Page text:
The Devils Channel

darkness closes in as souls are sucked out…

I have sat on this image for some time, actually it's a series of images and in this case this is 4 portrait frames stitched together. I could not quite get the composition I wanted (at the time or in one frame) and include all the rocks so opted to take a series of shots and see how things looked after the fact.

I don't normally crop to square, however all other variations, portrait and landscape and pano just did not hit the spot.
What i did like though was the awesome colour in the low tide rocks and the slippery jet black rocks, seemingly enticing all to fall into the channel. I picked out a frame where the water flow was receding and from this angle looks like its getting sucked down a plug hole behind the rock 🙂

this channel sits just below Red Hill (named such since.. well you guessed it.. the dirt is very red 😉 ) which provides a great contrast to the bleak black rocks, but that's a image for another day.

4 images (portrait) stitched together as a pano then cropped to square.

Exif love:
D750 coupled with 16-35mm f4 @ 16mm Aperture: f/22 and Shutter Speed: 1.6s
ISO -0.7EV
out front – Hoya CPL and Lee Graduated 0.9x Filter

Another World

raking the zen garden

There is a whole different world that exists at low tide and as such it is why I love getting out when the tide recedes back. The low tide reveals rocks, seaweed, neptune necklaces and all other manner of sea crustaceans, and most importantly (well that could be debated but..) it reveals some different perspective and compositions for seascaping.

I had my trusty tripod spread eagle on adjacent rocks and i too was not far from it to minimise the amount of wet feet that i would have to endure on the long walk home. The sun was up but muted by the clouds blanking the horizon and as the waves gently rolled in and tracked down the S-curve of my composition I relaxed and watched some crabs cautiously peer out to see wtf this crazy human as doing 😉 Mornings like this are like raking a zen garden for me 🙂 and trust me, i have raked a few zen gardens in my time 🙂

2 shot blended image, one for the sky and one for the foreground.

Exif love:
D750 coupled with 16-35mm f4 @ 16mm Aperture: f/20 and Shutter Speed: 8s (foreground frame) 4s (sky frame)
ISO -0.7EV
out front – Hoya CPL and Lee Graduated 0.9x Filter

Goanna Claws

So, apparently the story has it .. and bear with me here, this could get pretty loose 😉 and is about 10th hand (bit like chinese whispers!)…. there was a dude who called on the Goanna (Dirawong) to protect a bird, so the goanna chased the snake all around the lands of the Bundjalung, through Woodburn and towards Evanshead thus creating the river. Near Evanshead the snake bit the goanna on the head, the goanna then had to eat some herbs as a anti-venom ? note, that goanna's are actually immune to snake venom and often eat snakes (yay for the goanna) so this part of the story actually makes alot of sense.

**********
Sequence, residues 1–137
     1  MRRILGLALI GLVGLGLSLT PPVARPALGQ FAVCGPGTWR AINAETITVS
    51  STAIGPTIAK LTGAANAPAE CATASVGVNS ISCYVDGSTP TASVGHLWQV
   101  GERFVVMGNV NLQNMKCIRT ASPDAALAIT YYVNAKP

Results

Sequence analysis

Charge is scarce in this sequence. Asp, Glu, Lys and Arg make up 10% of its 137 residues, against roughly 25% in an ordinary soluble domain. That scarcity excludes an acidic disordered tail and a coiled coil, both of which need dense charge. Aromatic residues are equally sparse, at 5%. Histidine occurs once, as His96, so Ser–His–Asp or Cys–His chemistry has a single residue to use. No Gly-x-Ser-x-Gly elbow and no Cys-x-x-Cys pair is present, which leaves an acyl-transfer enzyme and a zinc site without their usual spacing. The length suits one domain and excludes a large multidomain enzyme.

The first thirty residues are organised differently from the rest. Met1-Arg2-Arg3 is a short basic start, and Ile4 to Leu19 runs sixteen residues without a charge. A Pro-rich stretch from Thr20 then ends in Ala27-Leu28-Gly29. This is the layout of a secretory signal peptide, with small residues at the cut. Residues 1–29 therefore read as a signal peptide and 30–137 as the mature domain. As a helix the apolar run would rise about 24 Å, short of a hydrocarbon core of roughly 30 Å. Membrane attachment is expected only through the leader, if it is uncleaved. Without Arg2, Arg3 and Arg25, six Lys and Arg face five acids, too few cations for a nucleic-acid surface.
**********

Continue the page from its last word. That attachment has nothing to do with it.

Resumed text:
Anyway, so then the snake turns around, which creates the little islands in the river (called snake island) after which the goanna then chases him out to sea. The goanna (Dirawong) now sits on the coast guarding against the snake and hence the name and shape of the headland (Diarwong / goanna head).

Thats gerry's abbreviated version 😉

So, this is all well and good, but me thinks that Goanna needs a wake up call since I seen waaayy too many snakes on that goanna headland 😉

Awesome history, i wonder why we get taught about stupid british british history rather than interesting stuff like that 😉 .. well it was the case when I went to school.

Exif love:
D750 coupled with 16-35mm f4 @ 16mm Aperture: f/18 and Shutter Speed: 1/1.6s
ISO 100
out front – Hoya CPL and Lee Graduated 0.9x Filter

The Spirit of the Bundjalung People

Its interesting how alot of areas here in Oz have their own history, sadly there is a pretty common theme to this history and it involves the traditional owners of the land and their subsequent displacement, sometimes quite bloody. I recently did some research into this area to discover the culture and stories behind the land.

The local traditional owners of this land are known as the Bundjalung People, of which the National Park takes its name, in the middle of the 18th century there was a massacre of about 100 women and children in this area. It is said that you can still hear the sounds of the ghosts and see the lights of the firesticks on the river.

Whilst that's a pretty spooky thought (and i hope i never see it cause that would freak me out 🙁 plus i need to concentrate on not getting eaten by snakes, face slapped by spiders and not falling on my ass, all of which takes alot of concentration 🙂 ). Hence i think its better to see these spirits in the more beautiful and positive things that are around the area, like the wonderful seascapes, flora and fauna and in the case of this morning, the rainbow that lit up the morning from the point.

So, here's to you the Bundjalung People, and what its worth, I am sorry for the shit that was heaped on your people by the white settlers.

The rainbow was a full arc (faded in and out over the 10 minutes it was there), however I really like the way the foreground pool illuminated with the soft light and the glow in the clouds complimented the rainbow. It was a constant battle with the rain and wiping the filter, however I did finally get a few shots that i was happy with. This particular one is a stitched vertical panorama of 2 frames. I just needed that extra little bit of frame to give the pool and rainbow some breathing space.

Exif love:
D750 coupled with 16-35mm f4 @ 16mm Aperture: f/14 and Shutter Speed: 4s
ISO 100
out front – Hoya CPL, Lee Graduated 0.9x Filter, rainbow and lots of rain